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HomeLatest NewsCruel double blow for the Crowley kids: community help sought

Cruel double blow for the Crowley kids: community help sought

Three years ago, the Crowley Family was living a happy life in Manly Vale with no idea of what fate had in store. Pat and Nicky Crowley have two sons, Levi and Fletcher, at that time aged 17 and 14 respectively. Levi loves skateboarding and snowboarding and Fletcher is into anything on two wheels, primarily Dirt Jumping (a sort of cross between BMX and Mountain Biking).

Life has changed dramatically for the family since, with their eldest diagnosed with a rare cancer and, just a fortnight ago, their youngest suffering from a major spinal injury.

In 2020 when Levi was diagnosed with a rare form of genetic cancer called Von Hippel-Lindau syndrome (or VHL). Only some 200 people in Australia and just 66 or so in New South Wales have the disease and there’s currently no cure. VHL is caused by a mutation in a gene involved in cell growth. It’s associated with generally benign but occasionally cancerous blood vessel tumors arising in multiple organs, mainly to do with the central nervous system and including the brain, spinal cord and retina. The kidneys and pancreas are also targets.

VHL affects around 1 in 36,000 people. About 10% of those, as in Levi’s case, have no family history of the condition.

The Crawley clan with Fletcher left and Levi right.

Levi was first diagnosed when he developed a retinal tumor. At just 20, he has now lost all sight in that eye. He’s also currently carrying some 12 other tumors within his body, including a sizeable one on his brain. Where possible, these tumors are removed surgically. In the three years since being diagnosed, Levi has undergone no less than 13 operations.

He’s due to have another scan in November to detect any further tumors and then scans once every year, ongoing. It’s a constant cycle of surveillance, surgery and recovery, which places a tremendous psychological and physical burden on patients. Yet after dealing with VHL for three years, Levi remains upbeat and plans to live as normal a life as possible… but the fear he faces daily is losing sight in his remaining good eye and going completely blind.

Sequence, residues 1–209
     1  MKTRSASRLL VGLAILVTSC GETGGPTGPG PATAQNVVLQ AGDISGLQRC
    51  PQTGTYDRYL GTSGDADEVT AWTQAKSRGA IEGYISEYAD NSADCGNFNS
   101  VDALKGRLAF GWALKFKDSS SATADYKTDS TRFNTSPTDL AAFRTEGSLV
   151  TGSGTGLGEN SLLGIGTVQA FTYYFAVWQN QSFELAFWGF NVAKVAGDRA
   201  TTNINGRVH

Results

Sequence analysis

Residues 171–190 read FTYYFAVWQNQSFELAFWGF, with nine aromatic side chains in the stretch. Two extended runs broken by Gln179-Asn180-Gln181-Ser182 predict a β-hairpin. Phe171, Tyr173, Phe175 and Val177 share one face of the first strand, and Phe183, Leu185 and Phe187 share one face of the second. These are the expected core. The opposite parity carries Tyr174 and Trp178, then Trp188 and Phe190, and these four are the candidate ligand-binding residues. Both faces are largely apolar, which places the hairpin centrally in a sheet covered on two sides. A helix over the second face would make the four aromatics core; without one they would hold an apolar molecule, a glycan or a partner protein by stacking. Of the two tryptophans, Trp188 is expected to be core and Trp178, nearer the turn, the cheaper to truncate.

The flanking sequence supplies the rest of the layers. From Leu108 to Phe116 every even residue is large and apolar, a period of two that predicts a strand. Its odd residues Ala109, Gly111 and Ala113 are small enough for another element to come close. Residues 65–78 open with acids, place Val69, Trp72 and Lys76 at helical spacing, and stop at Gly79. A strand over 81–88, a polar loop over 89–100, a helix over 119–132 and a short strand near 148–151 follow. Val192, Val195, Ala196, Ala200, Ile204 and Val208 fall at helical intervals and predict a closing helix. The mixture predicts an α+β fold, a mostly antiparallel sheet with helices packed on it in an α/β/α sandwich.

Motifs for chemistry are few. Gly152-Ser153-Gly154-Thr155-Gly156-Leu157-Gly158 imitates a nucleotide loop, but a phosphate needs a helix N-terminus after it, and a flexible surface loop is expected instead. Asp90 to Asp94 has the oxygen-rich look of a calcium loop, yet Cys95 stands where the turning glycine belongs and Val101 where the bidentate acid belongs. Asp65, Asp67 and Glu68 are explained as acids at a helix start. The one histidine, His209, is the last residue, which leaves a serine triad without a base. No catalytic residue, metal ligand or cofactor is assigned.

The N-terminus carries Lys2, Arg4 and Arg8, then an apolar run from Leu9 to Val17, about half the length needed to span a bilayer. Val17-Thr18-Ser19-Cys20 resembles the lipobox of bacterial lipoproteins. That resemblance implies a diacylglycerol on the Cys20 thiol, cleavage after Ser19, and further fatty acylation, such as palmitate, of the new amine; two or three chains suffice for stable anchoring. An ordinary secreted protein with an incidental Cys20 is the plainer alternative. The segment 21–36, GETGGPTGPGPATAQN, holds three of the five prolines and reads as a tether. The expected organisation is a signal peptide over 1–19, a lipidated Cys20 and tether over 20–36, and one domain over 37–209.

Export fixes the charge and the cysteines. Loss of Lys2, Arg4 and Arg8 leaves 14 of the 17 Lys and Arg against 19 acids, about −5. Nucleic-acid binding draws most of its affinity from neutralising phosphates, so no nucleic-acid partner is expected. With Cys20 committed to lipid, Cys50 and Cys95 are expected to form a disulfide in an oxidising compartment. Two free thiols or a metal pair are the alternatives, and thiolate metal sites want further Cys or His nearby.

Then, on Sunday September 10, the family was dealt another blow when Fletcher, now aged 17, was practicing for an upcoming Dirt Jump competition. Normally he would have been doing so at the Big Air Indoor Bike Park in Brookvale and landing on Air Bags… but that complex is temporarily closed due to damage caused by a recent fire. So Fletcher and his mates were instead practicing on the Mountain Biking trails at Red Hill Reserve, above Oxford Falls.

Fletcher soon after his accident.

Fletcher was involved in a life-altering accident that left him with a severe spinal cord injury. He has a Grade B impairment of the T9 Vertebra, meaning he has sensory function, but no motor function below his abdomen.

As his dad Pat put it:

“The messages going up are working, but not those going back down.” He does have complete mobility of his trunk above that level.

Fletcher is facing constant rehabilitation – lots of gym work, physio and massage – and won’t receive an ‘end assessment’ for another two years. He’s been in the Spinal Ward of Royal North Shore Hospital since the day of the accident.

An image of the emergency response when Fletcher injured his spine recently.

So to say life has dramatically changed for Pat, Nicky and their boys over the last three years, is an understatement… yet the entire family remains remarkably positive.